If she took that much care with the cat’s bag, hers had to be as well organized.
She stood and smiled a little too intensely. She was plainly done talking about the bags. “I could totally dig into that dessert now. How about you?”
“You get the food, I’ll grab the forks.” He took two from the utensil drawer, then tipped his head toward the sliders that led off the small dining room next to the kitchen. “How about we eat outside?”
He flipped the light switch that turned on the strings of bulbs he’d woven through the two big oaks that flanked his patio. The gleam reflected off the small glass-topped table that sat in the center. Besides the matching chairs, the grill and the hammock farther back were the only things he had out there so far.
“Oh.” She breathed the word out as her eyes rounded. “That’s so pretty.”
“Thanks. I did it myself.” Just like the work inside and the rest of the landscaping. There was something really satisfying about getting your hands dirty.
“Exactly.” He nodded. “You want to eat out there?”
“I would love to.” She unlocked the slider and pulled it open, leaving it that way for him to follow. She put the food on the table, then did a three-sixty as she inspected his yard. “It’s kind of magical out here.”
She stretched her arms out, closed her eyes and spun slowly.
He just stood and watched, admiring how the soft lighting picked out the strands of honey in her hair and gilded her in the golden glow from the tips of her delicately pointed ears down to her pink-polished toes. She was the most beautiful woman he’d ever seen. And if this was her reaction to a few strings of porch lights, she’d be a very easy woman to keep happy.
A sharp realization pierced him. He wanted to be the man—the only man—keeping her happy.
She opened her eyes and laughed. “Sorry, it’s a fae thing, I guess. I just had to take it all in.”
He couldn’t take his eyes off her. “You’re beautiful, you know that?”
She licked her lips self-consciously. “Thanks.”
“You don’t like compliments.”
One shoulder went up. “No, I do, I’m just not used to them, I think.” Her face brightened, and she grinned. “Thank you. You’re kind of intimidating.”
He nodded slowly. “I get that. I’ve used that to my advantage many times in the past. Still do, really.” He leaned against the open sliding door. “Do you still think that now that you’ve gotten to know me a little?”
“Yes and no.” She swallowed. “You…sort of jumble me up inside.”
That stunned him. “In a good way, I hope.”
She nodded. “Yes. I’ve never spent time with a man like you.”
He peeled away from the door and walked closer. “What kind of man is that?”
She tipped her head back, the earnestness in her eyes almost undoing him. “Strong, but sweet. Dangerous and yet, somehow, funny. Handsome. Grounded.” Her hand came up to touch his arm, her fingertips gliding lightly over his skin and sending gentle bolts of power into his bones. “A protector.”
The word sliced through him, reminding him of the violent and unbalanced history between his people and hers. It renewed his doubt about her and he didn’t like that. He didn’t want to consider she might be using him. “You just think that because I was military and because of the way I look.”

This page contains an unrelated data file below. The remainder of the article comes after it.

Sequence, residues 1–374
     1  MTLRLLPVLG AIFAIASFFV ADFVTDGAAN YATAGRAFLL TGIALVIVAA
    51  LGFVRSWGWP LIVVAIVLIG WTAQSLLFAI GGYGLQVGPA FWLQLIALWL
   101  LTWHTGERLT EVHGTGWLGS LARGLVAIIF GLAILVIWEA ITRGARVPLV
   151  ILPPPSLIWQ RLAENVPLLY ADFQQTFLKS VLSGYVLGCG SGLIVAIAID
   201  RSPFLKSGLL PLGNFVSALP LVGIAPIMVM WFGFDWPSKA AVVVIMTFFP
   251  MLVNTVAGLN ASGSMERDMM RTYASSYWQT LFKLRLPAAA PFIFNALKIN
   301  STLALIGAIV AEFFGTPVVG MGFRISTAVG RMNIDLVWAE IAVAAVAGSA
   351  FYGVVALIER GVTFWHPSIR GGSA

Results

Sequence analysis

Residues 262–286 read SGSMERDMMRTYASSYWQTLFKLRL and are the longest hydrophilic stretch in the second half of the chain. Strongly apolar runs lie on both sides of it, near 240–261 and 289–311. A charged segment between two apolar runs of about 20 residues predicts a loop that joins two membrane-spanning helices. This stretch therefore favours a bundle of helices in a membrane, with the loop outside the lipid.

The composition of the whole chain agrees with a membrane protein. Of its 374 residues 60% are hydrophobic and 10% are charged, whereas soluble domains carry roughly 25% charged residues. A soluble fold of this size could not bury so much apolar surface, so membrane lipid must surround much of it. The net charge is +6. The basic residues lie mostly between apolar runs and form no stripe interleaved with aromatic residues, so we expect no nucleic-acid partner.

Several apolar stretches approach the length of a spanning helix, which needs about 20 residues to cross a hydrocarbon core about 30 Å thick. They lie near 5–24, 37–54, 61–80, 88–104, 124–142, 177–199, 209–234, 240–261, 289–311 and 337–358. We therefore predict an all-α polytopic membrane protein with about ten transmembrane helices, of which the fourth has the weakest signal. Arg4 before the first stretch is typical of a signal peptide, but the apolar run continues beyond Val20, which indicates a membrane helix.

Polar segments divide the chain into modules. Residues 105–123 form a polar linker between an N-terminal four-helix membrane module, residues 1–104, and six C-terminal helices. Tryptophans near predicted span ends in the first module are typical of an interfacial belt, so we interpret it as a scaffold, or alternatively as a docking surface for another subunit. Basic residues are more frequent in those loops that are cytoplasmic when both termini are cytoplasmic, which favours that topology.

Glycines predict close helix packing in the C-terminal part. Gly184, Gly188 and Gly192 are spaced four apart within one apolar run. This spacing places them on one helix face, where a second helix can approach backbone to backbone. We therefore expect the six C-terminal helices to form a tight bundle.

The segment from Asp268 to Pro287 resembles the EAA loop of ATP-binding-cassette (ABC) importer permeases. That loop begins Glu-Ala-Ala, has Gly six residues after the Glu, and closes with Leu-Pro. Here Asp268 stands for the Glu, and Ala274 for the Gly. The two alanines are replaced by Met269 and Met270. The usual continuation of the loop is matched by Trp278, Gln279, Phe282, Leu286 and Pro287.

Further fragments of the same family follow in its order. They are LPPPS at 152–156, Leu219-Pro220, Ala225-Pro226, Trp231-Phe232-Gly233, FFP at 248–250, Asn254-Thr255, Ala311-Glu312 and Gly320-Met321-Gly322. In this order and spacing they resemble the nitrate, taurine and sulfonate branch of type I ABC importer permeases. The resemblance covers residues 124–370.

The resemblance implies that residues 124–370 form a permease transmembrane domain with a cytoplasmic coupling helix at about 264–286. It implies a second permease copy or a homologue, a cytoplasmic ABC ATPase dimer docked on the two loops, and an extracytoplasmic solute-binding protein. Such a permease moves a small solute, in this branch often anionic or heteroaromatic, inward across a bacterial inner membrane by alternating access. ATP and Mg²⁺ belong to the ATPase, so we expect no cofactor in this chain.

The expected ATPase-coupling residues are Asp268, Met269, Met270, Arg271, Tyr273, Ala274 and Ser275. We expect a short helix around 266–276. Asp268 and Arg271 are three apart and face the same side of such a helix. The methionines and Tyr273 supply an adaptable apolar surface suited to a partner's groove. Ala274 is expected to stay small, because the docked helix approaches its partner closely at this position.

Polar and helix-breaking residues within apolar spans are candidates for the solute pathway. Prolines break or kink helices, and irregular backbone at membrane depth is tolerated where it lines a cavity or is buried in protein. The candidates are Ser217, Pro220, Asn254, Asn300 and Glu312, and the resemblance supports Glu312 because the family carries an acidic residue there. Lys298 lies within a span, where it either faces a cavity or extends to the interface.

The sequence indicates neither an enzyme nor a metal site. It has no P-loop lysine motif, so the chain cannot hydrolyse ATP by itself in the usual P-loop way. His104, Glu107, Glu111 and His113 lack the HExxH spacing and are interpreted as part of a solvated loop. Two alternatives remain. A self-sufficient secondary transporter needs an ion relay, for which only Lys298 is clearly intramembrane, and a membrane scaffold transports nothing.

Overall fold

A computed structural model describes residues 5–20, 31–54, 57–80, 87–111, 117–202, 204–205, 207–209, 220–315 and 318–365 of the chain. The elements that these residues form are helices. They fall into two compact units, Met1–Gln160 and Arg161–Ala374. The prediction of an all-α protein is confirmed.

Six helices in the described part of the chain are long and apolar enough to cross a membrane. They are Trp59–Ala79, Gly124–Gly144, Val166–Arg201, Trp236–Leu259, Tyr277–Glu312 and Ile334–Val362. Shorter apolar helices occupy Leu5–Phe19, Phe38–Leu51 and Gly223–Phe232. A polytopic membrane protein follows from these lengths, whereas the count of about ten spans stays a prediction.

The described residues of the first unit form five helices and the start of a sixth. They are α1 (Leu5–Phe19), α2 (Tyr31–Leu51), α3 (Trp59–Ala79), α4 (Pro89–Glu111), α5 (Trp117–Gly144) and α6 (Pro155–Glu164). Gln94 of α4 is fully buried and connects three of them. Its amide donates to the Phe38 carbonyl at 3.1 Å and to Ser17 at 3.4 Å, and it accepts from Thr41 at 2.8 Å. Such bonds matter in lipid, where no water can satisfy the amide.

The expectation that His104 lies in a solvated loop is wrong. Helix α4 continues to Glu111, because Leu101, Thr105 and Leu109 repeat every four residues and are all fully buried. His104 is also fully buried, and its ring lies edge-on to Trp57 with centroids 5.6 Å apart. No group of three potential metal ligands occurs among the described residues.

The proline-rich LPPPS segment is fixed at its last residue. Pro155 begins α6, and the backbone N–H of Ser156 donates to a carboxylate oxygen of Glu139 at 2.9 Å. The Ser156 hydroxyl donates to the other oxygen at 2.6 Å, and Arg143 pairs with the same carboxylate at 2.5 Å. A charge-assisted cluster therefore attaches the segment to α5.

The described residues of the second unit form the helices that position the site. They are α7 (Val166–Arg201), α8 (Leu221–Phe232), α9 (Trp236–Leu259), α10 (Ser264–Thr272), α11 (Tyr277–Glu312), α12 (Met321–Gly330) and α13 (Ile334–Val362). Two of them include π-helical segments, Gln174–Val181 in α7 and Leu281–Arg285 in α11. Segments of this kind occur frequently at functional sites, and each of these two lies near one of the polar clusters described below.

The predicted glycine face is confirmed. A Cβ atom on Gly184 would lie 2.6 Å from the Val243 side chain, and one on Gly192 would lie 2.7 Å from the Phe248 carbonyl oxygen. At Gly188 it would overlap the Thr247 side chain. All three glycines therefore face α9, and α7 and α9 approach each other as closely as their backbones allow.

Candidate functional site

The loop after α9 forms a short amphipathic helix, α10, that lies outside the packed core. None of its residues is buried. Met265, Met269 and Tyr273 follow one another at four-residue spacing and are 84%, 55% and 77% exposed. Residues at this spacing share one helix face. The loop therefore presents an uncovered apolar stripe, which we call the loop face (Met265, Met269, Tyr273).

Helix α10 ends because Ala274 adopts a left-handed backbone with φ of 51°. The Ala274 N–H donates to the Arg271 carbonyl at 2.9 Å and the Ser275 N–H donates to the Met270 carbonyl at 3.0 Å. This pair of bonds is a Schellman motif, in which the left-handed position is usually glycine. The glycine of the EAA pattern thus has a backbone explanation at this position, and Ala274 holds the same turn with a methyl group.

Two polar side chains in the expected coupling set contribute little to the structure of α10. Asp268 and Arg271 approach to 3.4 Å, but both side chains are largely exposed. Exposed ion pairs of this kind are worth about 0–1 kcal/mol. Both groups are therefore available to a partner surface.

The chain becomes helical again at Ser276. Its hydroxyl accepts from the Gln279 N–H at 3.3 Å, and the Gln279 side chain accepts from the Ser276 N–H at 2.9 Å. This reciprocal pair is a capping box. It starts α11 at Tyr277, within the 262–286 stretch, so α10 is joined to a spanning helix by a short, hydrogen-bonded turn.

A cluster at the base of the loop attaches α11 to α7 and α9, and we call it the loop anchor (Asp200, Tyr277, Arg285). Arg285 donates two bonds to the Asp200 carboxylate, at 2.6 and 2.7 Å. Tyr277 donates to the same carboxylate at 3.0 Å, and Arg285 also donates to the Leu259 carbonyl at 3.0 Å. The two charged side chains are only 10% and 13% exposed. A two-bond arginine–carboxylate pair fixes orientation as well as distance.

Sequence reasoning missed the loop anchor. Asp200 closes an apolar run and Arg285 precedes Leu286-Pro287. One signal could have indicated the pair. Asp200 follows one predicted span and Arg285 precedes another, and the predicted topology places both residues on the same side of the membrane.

“Maybe at first.” She shook her head, her fingers tracing the lines of the Ranger tattoo on his forearm. Whorls of energy spilled into his skin where her fingertips played. “But now I think that because you genuinely seem to care what happens to me.”
“I do.” It wasn’t a lie.
She turned away slightly, her arms wrapping her torso. “I haven’t had a lot of that in my life.”
The longing in her voice made him realize once and for all that he’d been wrong. This was not a woman out to use him. This was a woman looking for her place in the world, trying to make a connection, hoping to get as much back as she was putting in. All things he understood very well. “Why is that?”
After a deep breath, she stared at the pavers under her feet. “I ran away from home when I was a teenager. My parents—and my community—had expectations that I couldn’t live up to. I didn’t want to live up to them. They had my whole life planned out for me. I had no say. About my own life. So I did the only thing I could think of.”
“You ran.” The carefully packed bags made sense now. So did the fact that none of the stories of her past had included family. No doubt, she’d run before, probably several times, which meant she’d do it again if she felt that was her only option.
The thought of losing her now, when he’d just begun to understand her and care for her, made him ache in an unfamiliar way.
She nodded and looked over her shoulder at him. “I’m sure running seems like such a childish thing to do, but it made sense to me at the time.”
He put his arms around her and pulled her against his chest. Holding her felt good. They fit well together. “I’d never judge you for having a strong sense of self-preservation.”
With a soft sigh, she turned and leaned into him. “Thanks.”
He lifted her chin so he could look into her eyes. “Just please don’t run again. Not now.” That was as close as he could come to revealing how he’d begun to feel about her. More than that would leave him too vulnerable. Especially if she disappeared on him.